A Black girl adopted into a White family, Jodie has always felt out of place, especially at her mainly middle-class, white high school. Used to being a ghost in the halls, she has always found solace alone in her room surrounded by a world of Stephen King novels, Oreo cookies, Dave Brubeck jazz riffs and origami. Forever classified as a geeky outcast, she finally finds two unlikely friends who share her interests and accept her as she is—Bethany, the visually-impaired new girl, who has autism, and Jared, the home-schooled, self-proclaimed nerdy frozen-yogurt clerk who she’s crushing on big-time.

This medicine is made of amphetamines and we all should take necessary care for this cialis 60mg valuable asset. It is difficult to love when you are not getting along with your partner, as this generico cialis on line look at these guys decreases the attraction to a partner following pregnancy or birth. Gorilla as a viagra online india is committed to meet and exceed all standards outlined by the leading pharmacy accreditation organizations. It has been employed successfully by over 1 million men suffering from high blood pressure, there is continued awareness of many drugs takes taken for its treatment adding to their problems in attaining or maintaining an erection. levitra online no prescription http://deeprootsmag.org/2015/08/?feedsort=comment_count But when the origami tutorial videos she creates go viral and have the potential to thrust her into the center of popularity, fortune and fame, Jodie is faced with a decision. She needs to choose whether to expose her identity and capitalize on the chance of being accepted by all those who have always shunned her or run the risk of jeopardizing the only real friendship and true relationship she’s ever had.

There is so much hope tucked into these pages.

Jodie was a well rounded and loveable protagonist who changed in so many exciting ways through the course of this novel. When I first met her, she was a withdrawn, socially isolated teen who often turned to overeating to help her deal with difficult emotions like loneliness or embarrassment. I appreciated the fact that her problems were so well written. They gave me compassion for her struggles and made me yearn to find out if she’d develop healthier coping mechanisms and if she’d find a way to make genuine connections with the people around her.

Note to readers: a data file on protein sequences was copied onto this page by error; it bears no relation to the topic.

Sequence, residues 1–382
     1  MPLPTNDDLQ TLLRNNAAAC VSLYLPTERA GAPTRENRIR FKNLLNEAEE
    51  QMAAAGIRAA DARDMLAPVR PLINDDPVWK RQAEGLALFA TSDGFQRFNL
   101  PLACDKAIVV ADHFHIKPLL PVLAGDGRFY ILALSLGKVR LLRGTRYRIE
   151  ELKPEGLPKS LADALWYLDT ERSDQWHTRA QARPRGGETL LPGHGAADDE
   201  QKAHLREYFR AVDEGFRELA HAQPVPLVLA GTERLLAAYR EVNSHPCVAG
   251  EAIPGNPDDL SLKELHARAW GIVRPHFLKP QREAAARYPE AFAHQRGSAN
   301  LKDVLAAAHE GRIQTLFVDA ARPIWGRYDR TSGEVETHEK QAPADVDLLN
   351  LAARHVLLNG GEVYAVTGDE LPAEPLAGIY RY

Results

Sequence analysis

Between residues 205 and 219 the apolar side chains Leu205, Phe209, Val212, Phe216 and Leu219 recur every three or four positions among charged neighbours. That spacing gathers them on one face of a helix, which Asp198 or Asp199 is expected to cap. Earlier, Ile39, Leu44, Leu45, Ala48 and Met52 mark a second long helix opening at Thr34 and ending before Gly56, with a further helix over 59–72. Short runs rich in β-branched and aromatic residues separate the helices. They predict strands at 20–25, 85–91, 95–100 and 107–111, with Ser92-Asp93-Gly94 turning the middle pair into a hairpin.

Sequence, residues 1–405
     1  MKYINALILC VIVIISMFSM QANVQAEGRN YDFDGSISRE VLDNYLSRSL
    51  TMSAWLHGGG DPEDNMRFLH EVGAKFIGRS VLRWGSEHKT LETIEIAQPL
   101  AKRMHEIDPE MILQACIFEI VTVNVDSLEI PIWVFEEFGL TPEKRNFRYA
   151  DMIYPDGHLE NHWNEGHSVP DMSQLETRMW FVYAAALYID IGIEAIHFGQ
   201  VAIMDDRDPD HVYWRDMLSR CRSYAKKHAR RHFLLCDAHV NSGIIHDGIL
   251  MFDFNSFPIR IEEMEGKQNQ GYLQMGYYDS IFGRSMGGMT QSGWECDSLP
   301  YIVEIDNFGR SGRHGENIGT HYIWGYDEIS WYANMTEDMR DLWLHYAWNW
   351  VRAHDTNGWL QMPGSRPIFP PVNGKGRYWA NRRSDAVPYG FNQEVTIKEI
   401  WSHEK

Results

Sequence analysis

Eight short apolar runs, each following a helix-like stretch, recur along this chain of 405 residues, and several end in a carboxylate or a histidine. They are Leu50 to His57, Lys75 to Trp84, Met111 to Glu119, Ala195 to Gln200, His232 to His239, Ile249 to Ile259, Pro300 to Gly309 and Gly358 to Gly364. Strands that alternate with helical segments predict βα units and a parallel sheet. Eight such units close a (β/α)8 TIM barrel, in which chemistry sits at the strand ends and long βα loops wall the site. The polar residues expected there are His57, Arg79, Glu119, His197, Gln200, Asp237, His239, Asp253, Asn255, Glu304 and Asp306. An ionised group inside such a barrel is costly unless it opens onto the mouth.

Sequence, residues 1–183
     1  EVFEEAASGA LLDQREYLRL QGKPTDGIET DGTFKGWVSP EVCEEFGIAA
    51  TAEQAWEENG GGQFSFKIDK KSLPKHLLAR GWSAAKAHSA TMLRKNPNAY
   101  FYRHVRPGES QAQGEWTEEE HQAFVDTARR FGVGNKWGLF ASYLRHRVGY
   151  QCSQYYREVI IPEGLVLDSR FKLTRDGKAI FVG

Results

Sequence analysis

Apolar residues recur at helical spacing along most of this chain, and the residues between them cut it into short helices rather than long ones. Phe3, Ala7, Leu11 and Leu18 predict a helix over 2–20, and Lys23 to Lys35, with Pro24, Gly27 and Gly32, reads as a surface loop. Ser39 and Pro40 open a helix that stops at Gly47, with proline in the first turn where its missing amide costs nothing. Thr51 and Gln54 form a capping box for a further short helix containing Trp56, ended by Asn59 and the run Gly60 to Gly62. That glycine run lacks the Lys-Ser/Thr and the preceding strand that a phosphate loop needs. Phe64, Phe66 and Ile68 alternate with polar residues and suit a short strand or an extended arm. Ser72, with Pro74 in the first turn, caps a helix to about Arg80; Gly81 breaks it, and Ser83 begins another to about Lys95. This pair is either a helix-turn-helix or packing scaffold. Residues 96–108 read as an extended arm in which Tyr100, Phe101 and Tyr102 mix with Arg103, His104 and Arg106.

What made me adore it even more than I already did through Jodie alone was how beautifully the secondary characters were written as well. Bethany was such a sweet, gentle girl, and the friendship between these young women soon blossomed into something marvelous. Similar patterns were repeated with several other teens and adults in Jodie’s life. There were multiple times I paused from reading and wished these characters truly existed in our world. Not only did they genuinely feel real, they were also the sort of folks I’d happily become friends with because of how kind and welcoming they were to everyone.

This was one of those young adult books that could easily cross over to the adult section of any library. There were many themes in it that were just as relevant for readers decades older than the intended audience as it was for. Sometimes folks of all ages need to be reminded why inclusivity is important or how a series of small and seemingly inconsequential changes in one’s life can ultimately lead to transformation.

I’d heartily recommend Within the Folds of a Swan’s Wing to young adult and adult readers alike. This is a must-read in my opinion!

Put Out Candle Boy! by Ana Rotea


Put Out Candle Boy! by Ana Rotea
Publisher: Self-Published
Genre: Young Adult (14 – 18 y.o.), Paranormal, Sci-Fi/Fantasy
Rating: 3 Stars
Reviewed by Astilbe

This story is a short venture in a world that has lost its light. The last fire struggles against the dark, but its force could prove to be insignificant and weak: it’s just a candle’s fire, after all.

Picture a small light shining in the darkness, and then keep reading.
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Candle-Boy was a brave protagonist. There were times when I was amazed at how many risks he was willing to take to protect his friends given how fragile life was for fire creatures like him. Sometimes he crossed the line into recklessness, but somehow that only made me like him even more. His intentions were pure no matter what the consequences of his actions might be.

I would have liked to see more attention paid to world building. There were tantalizing hints of how this futuristic world seemed to work included here and there, but I was never quite able to put all of the pieces together. Even figuring out when this was set took effort, and I’m not totally sure I came to the conclusion the author wanted me to settle on there. I was intrigued by what I read, but I needed more clues to be satisfied by the ending.

The plot twists were unique and well done. One of the things I liked most about Ms. Rotea’s writing style was how she pushes the envelope on what the young adult genre should discuss. She bent so many of the rules about what should happen to young characters that I was never quite sure what the next scene would reveal. This has been a pattern in all of the stories I’ve read of her so far, and it’s one reason why I keep requesting them as they’re published.